Throughout its history, Luxembourg has been known as a thriving state in a position of great importance for its European neighbors. One of the smallest countries in Europe, today it is the world’s only Grand Duchy. Find out more about this tiny trilingual country, and how it came to be an independent state surrounded by much bigger, more powerful countries.
A closer look 說古論今
Although it is independent today, Luxembourg has been at the center of European history for centuries. It’s history goes as far back as the Roman Empire, when the Romans built two roads that intersected there. Hundreds of years later, a man built a small castle on that spot, and a town grew up around it. The castle was built at the top of a steep cliff, and rivers ran through the surrounding areas. This made it very difficult to attack Luxembourg. Today, Luxembourg’s position gives the capital city, Luxembourg City, lots of beautiful views, pretty bridges and lovely scenery. Long ago, this meant that all the European powers wanted to hold Luxembourg, and from the 15th century on, many of them did. Luxembourg is ruled by a Duke or Duchess, and has been independent since 1839, although at that time Luxembourg lost a lot of land to Belgium.
Until 1890, the Duke of Luxembourg and the King of the Netherlands were the same person. In 1890, the King of the Netherlands (who was also the Duke of Luxembourg) died, and he left no male heir. Since it was legal for a woman to be queen in the Netherlands, the King’s daughter became the next Queen of the Netherlands. However, Luxembourg’s laws at the time stated that only a man could rule, so another relative was chosen to become the Duke of Luxembourg, and the two countries have had separate rulers ever since. The people of Luxembourg enjoy a relatively tranquil and comfortable life. The country is economically very comfortable, and the citizens of Luxembourg live well and peacefully.
After a nearly 400-day hiatus, Taiwanese are finally able to travel abroad again, and Palau — a country already familiar to Taiwanese travelers — has become the first “travel bubble” destination during the COVID-19 pandemic, giving members of the public a fresh opportunity to reacquaint themselves with an old friend. Located in the Western Pacific and neighboring the Philippines, the combined land mass of Palau’s archipelago of islands and islets totals less than 500km2 — smaller than Taipei City — and it has a population of only 20,000. However, Palau’s abundant maritime resources, pristine environment and commitment to ecological conservation mean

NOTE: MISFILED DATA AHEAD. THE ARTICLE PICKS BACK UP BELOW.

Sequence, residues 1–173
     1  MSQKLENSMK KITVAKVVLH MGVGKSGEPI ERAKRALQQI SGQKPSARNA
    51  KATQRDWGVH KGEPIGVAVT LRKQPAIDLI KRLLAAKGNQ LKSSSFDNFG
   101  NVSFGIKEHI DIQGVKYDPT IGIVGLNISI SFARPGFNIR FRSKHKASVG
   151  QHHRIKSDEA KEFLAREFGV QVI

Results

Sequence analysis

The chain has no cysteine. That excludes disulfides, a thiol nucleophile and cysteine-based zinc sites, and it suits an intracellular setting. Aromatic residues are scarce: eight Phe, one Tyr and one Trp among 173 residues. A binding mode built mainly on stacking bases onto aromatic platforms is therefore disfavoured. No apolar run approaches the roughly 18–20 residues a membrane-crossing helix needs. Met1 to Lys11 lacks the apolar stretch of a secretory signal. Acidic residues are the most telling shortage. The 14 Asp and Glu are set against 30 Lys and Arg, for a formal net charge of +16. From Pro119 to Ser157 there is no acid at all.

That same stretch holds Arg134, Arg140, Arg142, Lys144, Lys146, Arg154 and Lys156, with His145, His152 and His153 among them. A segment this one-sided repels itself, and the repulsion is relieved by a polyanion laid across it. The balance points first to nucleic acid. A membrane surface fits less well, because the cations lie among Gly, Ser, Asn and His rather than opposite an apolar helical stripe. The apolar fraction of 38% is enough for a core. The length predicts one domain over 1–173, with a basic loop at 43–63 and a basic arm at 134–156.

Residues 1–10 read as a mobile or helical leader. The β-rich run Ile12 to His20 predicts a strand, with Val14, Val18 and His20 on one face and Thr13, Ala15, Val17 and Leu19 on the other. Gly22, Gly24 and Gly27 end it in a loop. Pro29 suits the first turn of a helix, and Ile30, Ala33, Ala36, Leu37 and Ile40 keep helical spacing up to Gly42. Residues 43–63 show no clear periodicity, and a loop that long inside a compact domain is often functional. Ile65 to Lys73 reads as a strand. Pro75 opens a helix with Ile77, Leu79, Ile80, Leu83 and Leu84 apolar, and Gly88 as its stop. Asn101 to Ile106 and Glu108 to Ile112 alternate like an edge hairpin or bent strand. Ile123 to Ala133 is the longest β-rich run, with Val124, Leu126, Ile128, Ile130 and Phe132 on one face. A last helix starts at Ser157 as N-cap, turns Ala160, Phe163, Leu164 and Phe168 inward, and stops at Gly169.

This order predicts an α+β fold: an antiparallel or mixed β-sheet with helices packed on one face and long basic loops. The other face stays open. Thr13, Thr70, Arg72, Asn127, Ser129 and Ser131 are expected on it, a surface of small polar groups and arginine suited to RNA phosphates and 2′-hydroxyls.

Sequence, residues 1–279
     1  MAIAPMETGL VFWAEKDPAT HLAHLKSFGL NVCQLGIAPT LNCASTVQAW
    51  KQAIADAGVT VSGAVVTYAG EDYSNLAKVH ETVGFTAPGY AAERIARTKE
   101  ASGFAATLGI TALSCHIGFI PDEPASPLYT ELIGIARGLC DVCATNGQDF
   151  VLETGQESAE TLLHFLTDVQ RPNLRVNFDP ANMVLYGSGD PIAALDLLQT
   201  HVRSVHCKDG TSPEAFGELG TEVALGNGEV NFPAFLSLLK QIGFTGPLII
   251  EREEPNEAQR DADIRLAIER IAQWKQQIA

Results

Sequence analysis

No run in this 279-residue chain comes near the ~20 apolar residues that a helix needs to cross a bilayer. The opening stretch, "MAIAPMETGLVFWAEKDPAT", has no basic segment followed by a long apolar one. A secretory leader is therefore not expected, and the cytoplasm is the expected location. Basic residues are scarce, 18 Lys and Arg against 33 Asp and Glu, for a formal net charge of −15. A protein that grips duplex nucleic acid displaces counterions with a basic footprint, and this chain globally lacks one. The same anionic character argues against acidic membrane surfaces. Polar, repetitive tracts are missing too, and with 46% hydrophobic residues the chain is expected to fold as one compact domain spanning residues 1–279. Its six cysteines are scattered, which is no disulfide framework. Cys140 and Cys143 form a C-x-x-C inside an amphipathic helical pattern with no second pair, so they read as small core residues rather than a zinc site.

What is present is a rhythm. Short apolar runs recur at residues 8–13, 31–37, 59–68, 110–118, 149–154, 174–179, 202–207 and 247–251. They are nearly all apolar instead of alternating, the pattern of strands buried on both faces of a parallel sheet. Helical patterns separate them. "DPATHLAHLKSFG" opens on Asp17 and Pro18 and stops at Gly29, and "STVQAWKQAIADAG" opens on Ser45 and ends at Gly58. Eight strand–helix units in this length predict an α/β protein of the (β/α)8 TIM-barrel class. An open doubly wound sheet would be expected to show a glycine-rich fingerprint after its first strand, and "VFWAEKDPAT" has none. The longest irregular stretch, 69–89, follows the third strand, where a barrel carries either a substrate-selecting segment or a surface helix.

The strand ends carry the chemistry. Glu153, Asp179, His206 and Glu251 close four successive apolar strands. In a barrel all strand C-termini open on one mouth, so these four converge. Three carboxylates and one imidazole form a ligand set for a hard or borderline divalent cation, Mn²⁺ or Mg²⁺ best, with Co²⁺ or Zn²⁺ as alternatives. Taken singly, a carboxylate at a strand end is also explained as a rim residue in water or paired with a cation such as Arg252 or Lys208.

Which one should we get? (1/5) 不知道該買哪一種才好？（一） A: Next Sunday is Mother’s Day. What shall we give mom for a present? B: I recently bought myself a smartwatch. It’s pretty cool. Do you think mom would be interested in one? A: Are you sure mom would be OK with a smartwatch? Wouldn’t it be too hi-tech for her? B: Hi-tech is the whole point! Look, it can calculate how many steps you take in a day, or how many floors you walk up. If you sit for too long, it will remind you to get up, make yourself a cup of tea and walk around! A:
So you think it’s a lost cause? (5/5) 所以你覺得這沒救了嗎？（五） A: OK, I’ve brought the bowl in for us to send to the restorer. I swept up the pieces and poured them into this bag. B: Hold on. I was expecting a few broken fragments. It’s been smashed to smithereens! This isn’t an antique bowl: it’s a bag of ancient dust! A: Right? I accidentally dropped my laptop on it and crushed it into tiny pieces. B: You can’t restore that with kintsugi! There will be more lacquer and gold dust than pottery. It will be unrecognizable. A: Oh. So you think it’s a lost cause? B: I think the bowl is
The New Taipei City Council passed the draft New Taipei City self-government ordinance for e-cigarettes and heated tobacco devices on its third reading on April 29. In addition to stipulating that people under the age of 18 are not allowed to smoke or possess e-cigarettes and heated smoking devices, the ordinance also prohibits the manufacture and sale of e-cigarettes in New Taipei City. This means in effect that e-cigarettes will not be allowed in New Taipei City in future. Offenders will be fined from NT$10,000 up to NT$100,000 and may be fined consecutively per violation or ordered to suspend their